Head and Jaw Shape

The amazing variation of skull shapes in dogs!

The amazing variation of skull shapes in dogs!

Happy New Year all!  I hope everyone had a lovely holiday and is feeling energized for 2016!  Today I am marveling at the variety of patients we see here at Back on Track.  We have French Bulldogs, Great Danes, Papillons, Mastiffs, Corgis....dogs come in so many shapes!  While most wild dogs look relatively similar (medium sized body and hair length, long bushy tail, and cone shaped head), centuries of selective breeding and domestication of dogs have resulted in a wide variety of face and head shapes in our pets today.  Along with this variation comes a wide range of issues affecting the nose, eyes, brain, teeth, and airway, not to mention overall balance and coordination. 

There are three basic skull types in domestic breeds: long nosed (dolichocephalic), short-nosed (brachiocephalic) and medium (mesocephalic). Mesocephalic dogs tend to have the fewest head and neck related issues, which is probably why most wild dogs fall in this category.  Dolichocephalic breeds, like Greyhounds and Borzois, tend to have very narrow skulls, and may have problems with eye formation, overbites and not enough room for incisor teeth to fit properly. Brachiocephalic breeds, like Pugs and Bulldogs, often have exaggerated underbites. Whether lengthened or shortened, if the shape of the skull is distorted, the space into which the teeth erupt can be distorted as well. This results in teeth that don’t fit together properly, or “malocclusions.”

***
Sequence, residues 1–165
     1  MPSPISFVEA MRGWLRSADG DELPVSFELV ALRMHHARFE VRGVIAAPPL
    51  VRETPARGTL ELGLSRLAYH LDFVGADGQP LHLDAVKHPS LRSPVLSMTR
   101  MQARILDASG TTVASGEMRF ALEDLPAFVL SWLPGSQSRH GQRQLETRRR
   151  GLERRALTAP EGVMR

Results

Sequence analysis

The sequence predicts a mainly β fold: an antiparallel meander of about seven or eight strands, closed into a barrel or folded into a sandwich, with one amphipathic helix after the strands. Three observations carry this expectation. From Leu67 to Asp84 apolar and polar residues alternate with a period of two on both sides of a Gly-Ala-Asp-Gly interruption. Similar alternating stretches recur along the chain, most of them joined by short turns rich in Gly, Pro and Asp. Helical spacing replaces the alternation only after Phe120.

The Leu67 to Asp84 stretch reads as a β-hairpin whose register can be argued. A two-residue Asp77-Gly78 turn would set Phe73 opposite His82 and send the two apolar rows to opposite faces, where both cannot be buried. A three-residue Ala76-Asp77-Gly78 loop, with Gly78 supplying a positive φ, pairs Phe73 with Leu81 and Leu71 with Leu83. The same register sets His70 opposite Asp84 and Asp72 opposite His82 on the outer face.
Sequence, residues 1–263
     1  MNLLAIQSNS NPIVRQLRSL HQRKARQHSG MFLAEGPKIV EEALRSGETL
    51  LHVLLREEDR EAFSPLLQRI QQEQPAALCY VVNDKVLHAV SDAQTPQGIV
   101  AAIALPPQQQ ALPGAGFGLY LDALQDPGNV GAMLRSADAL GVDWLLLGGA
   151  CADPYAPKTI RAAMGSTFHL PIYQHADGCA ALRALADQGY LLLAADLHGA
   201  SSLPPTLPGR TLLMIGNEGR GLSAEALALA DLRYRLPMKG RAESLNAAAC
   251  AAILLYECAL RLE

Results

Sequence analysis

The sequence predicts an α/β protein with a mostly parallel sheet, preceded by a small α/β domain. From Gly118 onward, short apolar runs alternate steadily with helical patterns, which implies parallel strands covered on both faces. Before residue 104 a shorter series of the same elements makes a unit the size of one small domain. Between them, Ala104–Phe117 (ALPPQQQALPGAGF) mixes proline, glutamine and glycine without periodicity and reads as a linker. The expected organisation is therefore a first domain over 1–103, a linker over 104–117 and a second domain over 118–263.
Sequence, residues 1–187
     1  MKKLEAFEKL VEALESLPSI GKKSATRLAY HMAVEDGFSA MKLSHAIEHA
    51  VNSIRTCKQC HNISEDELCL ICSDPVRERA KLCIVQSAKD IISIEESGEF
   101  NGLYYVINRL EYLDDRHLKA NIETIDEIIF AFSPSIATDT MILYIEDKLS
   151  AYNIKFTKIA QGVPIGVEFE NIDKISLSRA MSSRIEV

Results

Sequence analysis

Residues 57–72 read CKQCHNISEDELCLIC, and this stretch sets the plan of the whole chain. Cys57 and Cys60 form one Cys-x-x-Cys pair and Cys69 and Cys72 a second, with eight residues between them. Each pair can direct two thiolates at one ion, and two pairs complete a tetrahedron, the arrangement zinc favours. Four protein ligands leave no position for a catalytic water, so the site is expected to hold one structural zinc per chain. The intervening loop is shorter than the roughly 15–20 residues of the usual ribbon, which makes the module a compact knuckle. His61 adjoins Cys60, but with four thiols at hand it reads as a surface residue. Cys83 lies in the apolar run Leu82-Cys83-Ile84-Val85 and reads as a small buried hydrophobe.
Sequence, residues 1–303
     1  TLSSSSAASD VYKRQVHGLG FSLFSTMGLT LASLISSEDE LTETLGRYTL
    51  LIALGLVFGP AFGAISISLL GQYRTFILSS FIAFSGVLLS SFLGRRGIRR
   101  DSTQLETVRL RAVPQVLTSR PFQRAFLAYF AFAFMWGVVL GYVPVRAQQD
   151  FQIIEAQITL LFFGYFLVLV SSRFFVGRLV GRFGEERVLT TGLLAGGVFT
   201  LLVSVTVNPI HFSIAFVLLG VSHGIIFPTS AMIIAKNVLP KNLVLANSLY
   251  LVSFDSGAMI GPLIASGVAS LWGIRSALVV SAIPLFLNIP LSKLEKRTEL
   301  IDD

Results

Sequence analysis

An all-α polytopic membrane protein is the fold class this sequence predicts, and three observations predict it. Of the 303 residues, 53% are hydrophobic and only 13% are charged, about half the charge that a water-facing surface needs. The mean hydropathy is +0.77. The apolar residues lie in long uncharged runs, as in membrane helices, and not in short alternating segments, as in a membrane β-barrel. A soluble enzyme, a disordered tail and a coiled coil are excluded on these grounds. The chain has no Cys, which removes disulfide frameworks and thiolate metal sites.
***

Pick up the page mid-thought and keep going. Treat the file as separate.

Besides being interesting, evaluation of bite and skull shape is important to appropriate posture and gaiting, because the teeth and temporomandibular joints (TMJ) are giving critical postural information to the brain. A well aligned bite results in neutral TMJs, which allow neutral posture.

Try this exercise: Stand on level ground with easy neutral stance, arms at your sides. Feel how your weight is centered between your feet. Thrust your lower jaw forward as far as you can voluntarily, creating an underbite. Wait, and feel the postural changes. Now pull the jaw back as far as you can. Most people will feel their bodies pitch forward and back with the movement of the jaw. You can experiment with side to side as well, and feel your weight shift from foot to foot. This is a cool “trick,” but it also illustrates how jaw position helps determine weight-bearing, because the top priority of the nervous system is to keep the brain safe by making sure the nearby TM joints are symmetrically stimulated, indicating that the head is level and symmetrically supported. When a dog has a congenital or genetic malocclusion, the rest of the body may have an altered posture-- which may make them susceptible to injuries over time.

Long term assymetric posture and gait leads to musculoskeletal problems like hip dysfunction, ACL tears, arthritis, and disc disease.  Besides that, a truly functional bite is also self-cleaning and evenly wearing, requiring less dental intervention over the lifetime of the dog and minimizing periodontal inflammation and infections. Take a look at your dog's head shape and bite and think about how it may affect his or her posture or balance.  As always, feel free to ask me questions too - I love this stuff!


 

Dr. G